You do not have to look hard to find tales of technology investments that have generated nowhere near their expected level of ROI and business value. First off, metrics for measuring technology ROI, both quantitatively and qualitatively, need to be developed and aligned clearly to the firm’s overall strategy and goals. Only by measuring every step of the way — in terms of what is working and what isn’t, how much time it’s taking, and whether it is boosting revenues and cutting costs — will firms be able to determine whether they made a sound investment.

However, the selection and implementation process are connected to many challenges and firms face a real possibility that their expected results will fail to materialise. So, where is the line between failed implementation, one that causes losses, and a technological investment that generates real business value? There are many reasons why investments in technological solutions sometimes fail to realise their full potential. Here are the four most common challenges and how to face them.

Challenge #1: Letting the pain points drive your investment decision

Generally, firms decide to engage with the tech provider for two reasons: the existing product isn’t meeting the first’s needs in some way (or perceived not to be) and/or poor vendor service.

However, deciding to implement a practice management system, for example, is a 10-year strategic decision for a law firm. So regardless of how pressing your pain points may seem at the time, it is vital that you don’t let them drive your selection timeline and rush through a proper due diligence process.

Challenge #2: Lack of shared understanding and misalignment of expectations internally

Often very few firms spend enough time to truly understand the root cause of the problems they are trying to solve with new technology. There needs to be a shared understanding within the firm before you even begin to look for alternative solutions. By having clarity internally, it makes it much easier to articulate the issues and connect with the right partners who can help you solve these specific problems.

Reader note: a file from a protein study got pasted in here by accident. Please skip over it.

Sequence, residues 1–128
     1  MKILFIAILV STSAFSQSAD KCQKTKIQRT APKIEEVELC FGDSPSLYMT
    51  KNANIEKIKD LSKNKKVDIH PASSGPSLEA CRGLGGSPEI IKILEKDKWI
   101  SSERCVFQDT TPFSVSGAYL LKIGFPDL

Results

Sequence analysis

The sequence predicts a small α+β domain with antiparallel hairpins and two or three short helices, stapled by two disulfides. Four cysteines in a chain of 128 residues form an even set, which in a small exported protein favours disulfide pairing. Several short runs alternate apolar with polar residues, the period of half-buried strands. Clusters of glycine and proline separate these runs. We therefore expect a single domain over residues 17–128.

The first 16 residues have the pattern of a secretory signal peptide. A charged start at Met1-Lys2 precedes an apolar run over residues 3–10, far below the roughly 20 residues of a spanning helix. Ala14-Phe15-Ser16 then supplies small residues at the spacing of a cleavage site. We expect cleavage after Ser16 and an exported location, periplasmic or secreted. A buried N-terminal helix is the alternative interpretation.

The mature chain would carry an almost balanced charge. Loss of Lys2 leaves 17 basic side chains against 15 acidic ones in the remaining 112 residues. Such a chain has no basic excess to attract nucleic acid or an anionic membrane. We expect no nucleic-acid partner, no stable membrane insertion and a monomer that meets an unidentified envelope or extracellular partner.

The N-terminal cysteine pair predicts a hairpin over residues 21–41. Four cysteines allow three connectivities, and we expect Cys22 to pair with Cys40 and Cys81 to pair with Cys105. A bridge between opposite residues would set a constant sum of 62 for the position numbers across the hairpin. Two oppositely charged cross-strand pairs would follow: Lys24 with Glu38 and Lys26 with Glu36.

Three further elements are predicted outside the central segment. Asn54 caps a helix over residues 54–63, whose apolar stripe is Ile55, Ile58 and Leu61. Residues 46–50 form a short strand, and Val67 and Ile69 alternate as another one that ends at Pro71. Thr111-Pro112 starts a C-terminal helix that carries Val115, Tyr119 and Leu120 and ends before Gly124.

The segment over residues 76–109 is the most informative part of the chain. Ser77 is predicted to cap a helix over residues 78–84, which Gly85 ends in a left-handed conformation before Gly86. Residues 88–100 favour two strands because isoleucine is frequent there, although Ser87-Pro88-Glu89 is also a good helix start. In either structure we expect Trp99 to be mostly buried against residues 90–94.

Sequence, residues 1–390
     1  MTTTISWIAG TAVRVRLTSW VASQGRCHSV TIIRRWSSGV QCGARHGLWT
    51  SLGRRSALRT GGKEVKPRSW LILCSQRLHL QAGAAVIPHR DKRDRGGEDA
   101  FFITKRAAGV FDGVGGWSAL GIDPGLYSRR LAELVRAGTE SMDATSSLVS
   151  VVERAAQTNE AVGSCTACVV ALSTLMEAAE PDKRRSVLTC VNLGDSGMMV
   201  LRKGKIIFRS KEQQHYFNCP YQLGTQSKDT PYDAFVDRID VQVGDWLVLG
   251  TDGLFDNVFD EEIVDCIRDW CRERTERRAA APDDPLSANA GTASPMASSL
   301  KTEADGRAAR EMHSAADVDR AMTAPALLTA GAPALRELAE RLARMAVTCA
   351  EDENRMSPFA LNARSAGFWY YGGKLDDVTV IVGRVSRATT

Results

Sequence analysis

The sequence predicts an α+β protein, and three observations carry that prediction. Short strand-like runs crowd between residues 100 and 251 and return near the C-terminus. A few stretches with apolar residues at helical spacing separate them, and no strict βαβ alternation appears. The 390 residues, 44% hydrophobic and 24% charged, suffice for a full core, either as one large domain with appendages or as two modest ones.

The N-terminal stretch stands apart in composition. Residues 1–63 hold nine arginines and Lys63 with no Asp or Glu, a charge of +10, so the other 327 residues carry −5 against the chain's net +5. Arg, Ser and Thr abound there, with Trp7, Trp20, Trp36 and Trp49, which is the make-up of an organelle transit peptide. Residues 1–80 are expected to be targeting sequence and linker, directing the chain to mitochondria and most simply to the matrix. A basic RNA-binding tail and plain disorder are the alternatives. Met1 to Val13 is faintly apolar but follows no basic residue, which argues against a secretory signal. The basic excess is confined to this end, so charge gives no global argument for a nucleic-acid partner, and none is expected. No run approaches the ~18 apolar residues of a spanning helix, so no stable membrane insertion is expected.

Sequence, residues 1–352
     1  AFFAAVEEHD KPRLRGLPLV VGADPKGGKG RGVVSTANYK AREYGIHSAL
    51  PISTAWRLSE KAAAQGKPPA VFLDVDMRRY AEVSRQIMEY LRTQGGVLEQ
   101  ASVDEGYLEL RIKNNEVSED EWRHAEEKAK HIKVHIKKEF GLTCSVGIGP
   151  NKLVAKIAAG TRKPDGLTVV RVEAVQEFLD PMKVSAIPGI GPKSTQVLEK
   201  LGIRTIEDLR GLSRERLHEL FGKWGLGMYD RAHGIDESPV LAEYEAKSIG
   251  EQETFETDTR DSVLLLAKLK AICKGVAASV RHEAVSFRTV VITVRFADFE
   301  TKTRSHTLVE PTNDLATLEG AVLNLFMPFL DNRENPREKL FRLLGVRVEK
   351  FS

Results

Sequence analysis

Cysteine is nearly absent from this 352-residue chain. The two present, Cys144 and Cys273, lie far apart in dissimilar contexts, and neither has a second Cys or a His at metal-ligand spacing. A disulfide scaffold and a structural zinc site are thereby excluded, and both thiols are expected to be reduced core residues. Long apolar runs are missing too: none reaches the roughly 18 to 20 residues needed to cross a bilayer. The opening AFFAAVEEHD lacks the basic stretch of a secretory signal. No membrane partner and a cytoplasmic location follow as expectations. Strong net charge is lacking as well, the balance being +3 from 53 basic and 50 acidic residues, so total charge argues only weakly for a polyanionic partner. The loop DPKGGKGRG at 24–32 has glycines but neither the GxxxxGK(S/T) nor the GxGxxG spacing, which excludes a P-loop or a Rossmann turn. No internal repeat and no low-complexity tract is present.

Challenge #3: Failing to properly communicate the new system benefits to employees

It is challenging enough to convince people to do things differently to what they’ve always done, so trying to convince a workforce to leave behind their tried and trusted methods can be a big feat. Firm leaders need to understand the needs across the business and engage people from each area of the firm – a secretary, for instance, has vastly different requirements from a practice management solution that than the finance department. Ultimately, all employees must clearly see and understand the benefits of new technology they’re being told to use before they will adopt it.

Challenge #4: A breakdown in the relationship between the law firm and tech vendor

Perhaps unsurprisingly, one of the most common reasons why investments fail is due to a breakdown in the relationship between the firm and their technology vendor, and nothing to do with the software itself. All too often, vendors assume the functionality of their product is enough and fall short on delivering outstanding service. So, don’t just focus on the software itself, consider the technology provider and what kind of partner they will be in the long-term. Not only should the vendor be able to clearly articulate their strategy for continuing to develop their software, but they must also provide easily accessible services that will ensure your competency in the technology is constantly supported and the value you derive from using it is ongoing. Remember, your technology vendor will be playing an important role in the future of your business.

With the new normal of COVID-19, law firms around the word are faced with the need to connect virtually and continue meeting the needs of their clients. This has forced many to re-evaluate their technology needs and look towards Cloud solutions which would undoubtedly make them better equipped for the current virtual reality. This in effect has highlighted an important ROI metric – will this new technology deliver greater mobility, easier access to information and flexible user experience?

The evolution of cloud solutions has reduced a lot of barriers to adoption, allowing firms to innovate in a way where a lot of the risk and costs is stripped down. Firms can take a low risk, low-cost approach to subscription-based cloud technologies that help them test the waters and make sure that value and ROI will be derived before they commit to the long-term investment.

Talk to one of our team today, if you are looking to get more from your software, and we can arrange a free, no-obligation demo.